No, there hasn’t been a mass shooting in Texas (in a while)

I think the reporter forgot about Fort Hood and what happened at the University of Texas (the first mass shooting). But no, there aren’t many mass shootings in Texas. Texas is very vocal about gun ownership. It permits concealed-carry, makes firearms accessible, and (at least in the Dallas area) there’s lots of gun ranges. A statistic on the History Channel said that in Texas alone there were 26 million people and at least 51 million guns. There’s a gun for every hand in Texas. When you consider that not everyone in Texas owns guns, that’s a lot of guns per household; there’s a strong incentive not to break into houses.

It’s good when you’re allowed to protect yourself

Colorado, like Texas, holds strong to the “Castle doctrine” which is the right to protect yourself and your property from the threat of force. In both states, you’re exempt from jail time, and law suits by the family of a criminal, if you shoot and/or kill in the course of protecting yourself, family, and property. When someone crosses the threshold into my house, the law now protects me, not the perpetrator. I’m not afraid to protect my home.

The law in Colorado, as in Texas, allows you to protect your “castle”, but it’s not a license to draw a gun anywhere. Brandishing a gun in a menacing manner is a felony. Castle doctrine doesn’t work outside of the house. My concealed weapons instructor made it very clear that I’ll still spend a night in jail if I discharge my weapon in public (even if it’s fully justified).  Charges won’t be pressed — so long as I used my weapon in the defense of  force against me or a third party. I’m allowed to exercise judgement and then protect myself and others.

Yes, I still feel safe in Colorado

This was a question that surprised me. Do I feel safe in Colorado? Of course I do. Evil can happen anywhere, at any time. This shooter could have moved from California to any of 49 other states. This could have happened anywhere.

Concealed-carry is legal in Colorado. I can carry a gun into a movie theater. I can protect myself in most any place I go in Colorado. Colorado is no more in danger from the depravity of mankind than anywhere else. Of course I’m safe here.

I’m a hypocrite

Days after I write a blog post about how everyone should shut up about gun control, I do an interview on the very subject. But hey, isn’t it nice when someone actually admits to it?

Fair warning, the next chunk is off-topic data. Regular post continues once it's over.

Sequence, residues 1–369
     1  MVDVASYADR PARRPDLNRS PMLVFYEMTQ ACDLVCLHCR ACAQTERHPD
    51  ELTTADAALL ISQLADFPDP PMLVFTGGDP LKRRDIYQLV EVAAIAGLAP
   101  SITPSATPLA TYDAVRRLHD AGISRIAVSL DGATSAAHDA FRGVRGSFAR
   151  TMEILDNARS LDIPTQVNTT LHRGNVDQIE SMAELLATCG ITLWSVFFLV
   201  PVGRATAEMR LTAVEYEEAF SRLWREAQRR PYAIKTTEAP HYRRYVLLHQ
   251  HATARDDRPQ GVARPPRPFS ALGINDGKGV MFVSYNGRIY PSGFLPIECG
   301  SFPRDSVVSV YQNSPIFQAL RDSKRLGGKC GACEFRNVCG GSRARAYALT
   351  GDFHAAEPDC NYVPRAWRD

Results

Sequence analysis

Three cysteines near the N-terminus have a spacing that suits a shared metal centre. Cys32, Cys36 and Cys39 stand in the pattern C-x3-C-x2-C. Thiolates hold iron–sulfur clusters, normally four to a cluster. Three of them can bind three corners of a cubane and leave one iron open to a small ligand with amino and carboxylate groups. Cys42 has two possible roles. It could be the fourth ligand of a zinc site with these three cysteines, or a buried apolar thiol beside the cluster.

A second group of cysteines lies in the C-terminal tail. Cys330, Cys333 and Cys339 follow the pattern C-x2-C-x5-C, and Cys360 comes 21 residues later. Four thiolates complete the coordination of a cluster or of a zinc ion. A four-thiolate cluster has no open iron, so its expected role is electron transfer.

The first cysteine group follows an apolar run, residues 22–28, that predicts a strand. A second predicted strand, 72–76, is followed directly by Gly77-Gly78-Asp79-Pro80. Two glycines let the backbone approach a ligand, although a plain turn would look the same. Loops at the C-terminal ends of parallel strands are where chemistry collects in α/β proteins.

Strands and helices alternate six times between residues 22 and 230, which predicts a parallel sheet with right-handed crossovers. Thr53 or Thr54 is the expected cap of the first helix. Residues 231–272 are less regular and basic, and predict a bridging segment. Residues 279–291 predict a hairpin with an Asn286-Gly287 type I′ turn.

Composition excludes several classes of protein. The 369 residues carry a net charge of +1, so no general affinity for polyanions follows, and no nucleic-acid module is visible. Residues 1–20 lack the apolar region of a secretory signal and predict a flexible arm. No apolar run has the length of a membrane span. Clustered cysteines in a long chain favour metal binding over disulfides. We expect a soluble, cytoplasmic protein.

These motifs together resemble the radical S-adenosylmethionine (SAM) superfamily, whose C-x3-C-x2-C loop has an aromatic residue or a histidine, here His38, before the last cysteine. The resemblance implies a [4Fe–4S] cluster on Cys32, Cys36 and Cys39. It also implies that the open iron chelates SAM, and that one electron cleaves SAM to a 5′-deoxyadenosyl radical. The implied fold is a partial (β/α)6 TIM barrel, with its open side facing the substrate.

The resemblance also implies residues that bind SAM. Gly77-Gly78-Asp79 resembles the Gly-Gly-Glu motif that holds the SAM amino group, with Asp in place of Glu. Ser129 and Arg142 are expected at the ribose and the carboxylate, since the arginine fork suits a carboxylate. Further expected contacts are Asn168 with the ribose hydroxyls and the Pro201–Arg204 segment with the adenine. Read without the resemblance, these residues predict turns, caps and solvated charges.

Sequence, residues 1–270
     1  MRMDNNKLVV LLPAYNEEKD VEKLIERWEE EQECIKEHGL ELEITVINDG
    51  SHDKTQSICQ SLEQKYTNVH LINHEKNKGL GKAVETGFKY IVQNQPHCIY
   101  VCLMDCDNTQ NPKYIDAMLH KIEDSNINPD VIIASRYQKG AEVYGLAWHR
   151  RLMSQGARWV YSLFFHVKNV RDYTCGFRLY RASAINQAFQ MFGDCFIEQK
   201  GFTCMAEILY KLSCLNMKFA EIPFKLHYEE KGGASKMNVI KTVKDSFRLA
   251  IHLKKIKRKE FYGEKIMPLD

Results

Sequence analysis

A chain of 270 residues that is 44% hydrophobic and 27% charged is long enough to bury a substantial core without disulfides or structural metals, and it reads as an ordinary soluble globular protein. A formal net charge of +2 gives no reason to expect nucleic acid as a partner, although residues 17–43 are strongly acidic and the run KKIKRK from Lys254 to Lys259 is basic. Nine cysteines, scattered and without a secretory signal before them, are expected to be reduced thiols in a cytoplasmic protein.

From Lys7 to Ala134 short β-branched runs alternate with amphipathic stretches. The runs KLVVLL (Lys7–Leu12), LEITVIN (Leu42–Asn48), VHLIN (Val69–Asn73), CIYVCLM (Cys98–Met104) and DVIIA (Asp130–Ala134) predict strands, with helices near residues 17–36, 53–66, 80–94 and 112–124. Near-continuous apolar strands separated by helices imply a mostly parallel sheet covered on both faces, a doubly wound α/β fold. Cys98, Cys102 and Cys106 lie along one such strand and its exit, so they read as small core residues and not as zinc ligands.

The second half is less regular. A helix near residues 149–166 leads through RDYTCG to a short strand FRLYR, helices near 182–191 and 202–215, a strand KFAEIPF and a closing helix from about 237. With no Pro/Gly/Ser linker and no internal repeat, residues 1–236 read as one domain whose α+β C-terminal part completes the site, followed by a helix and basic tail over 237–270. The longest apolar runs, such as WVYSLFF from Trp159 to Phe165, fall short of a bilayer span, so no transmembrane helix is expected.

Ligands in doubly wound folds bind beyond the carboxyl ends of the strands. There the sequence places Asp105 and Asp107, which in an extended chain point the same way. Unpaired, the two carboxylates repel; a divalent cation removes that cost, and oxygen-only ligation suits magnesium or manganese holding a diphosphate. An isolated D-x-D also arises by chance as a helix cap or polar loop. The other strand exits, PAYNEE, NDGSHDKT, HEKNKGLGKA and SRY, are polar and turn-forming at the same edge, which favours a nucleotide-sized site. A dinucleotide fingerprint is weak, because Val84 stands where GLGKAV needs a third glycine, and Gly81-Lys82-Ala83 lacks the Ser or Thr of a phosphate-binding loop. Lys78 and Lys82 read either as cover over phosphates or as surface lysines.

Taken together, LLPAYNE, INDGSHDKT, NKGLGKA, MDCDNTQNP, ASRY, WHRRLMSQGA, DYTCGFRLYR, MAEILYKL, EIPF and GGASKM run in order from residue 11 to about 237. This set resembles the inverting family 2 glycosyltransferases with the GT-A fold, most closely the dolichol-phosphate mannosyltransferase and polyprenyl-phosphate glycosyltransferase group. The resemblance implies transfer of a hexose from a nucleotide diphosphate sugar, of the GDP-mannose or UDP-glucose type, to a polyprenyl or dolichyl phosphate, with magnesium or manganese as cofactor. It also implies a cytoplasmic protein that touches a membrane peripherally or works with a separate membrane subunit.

42 thoughts on “Yes, I’m a hypocrite: I ran my mouth on gun control

  1. Good post, Frank! I found your blog through a link on Foxnews.com.

    Yes, it’s refreshing when anyone in today’s environment admits to anything short of personal/philosophical perfection. That said, I don’t mind that you spoke your mind because I agree with most of your thoughts here.

    Additional training for militia-grade equipment should ABSOLUTELY be mandatory, after all the 2nd amendment calls first for a “well-regulated militia”.

    I also agree that in addition to equipping gun owners with superior skill and preparation, such training would also act to weed out some potential killers. In this case, the Aurora gun range owner who JH contacted very nearly played that role — and almost certainly would have, had JH been actually required to go to the range for training.

    I think this can be a very positive conversation for the nation. Thanks for expressing your views!

    • Just a comment. Who’s going to decide whether, after completing a “mandatory” training course to own a so-called assault weapon (who assigned that characterization, I wonder?), you’re qualified to own one? What training do they have to make that determination? Even more importantly, what Constitutional right does anyone have to determine what kind of weapon I can own, assuming I’m not a convicted felon? What’s to prevent gun control advocates in our government from assuming control of determining what qualifies an individual to own an “assault weapon”? They’ve already shown their willingness to take over health care, the auto industry, etc. I’m not willing to let someone else decide whether I’m qualified to own a particular type weapon. They’re not qualified to make that determination.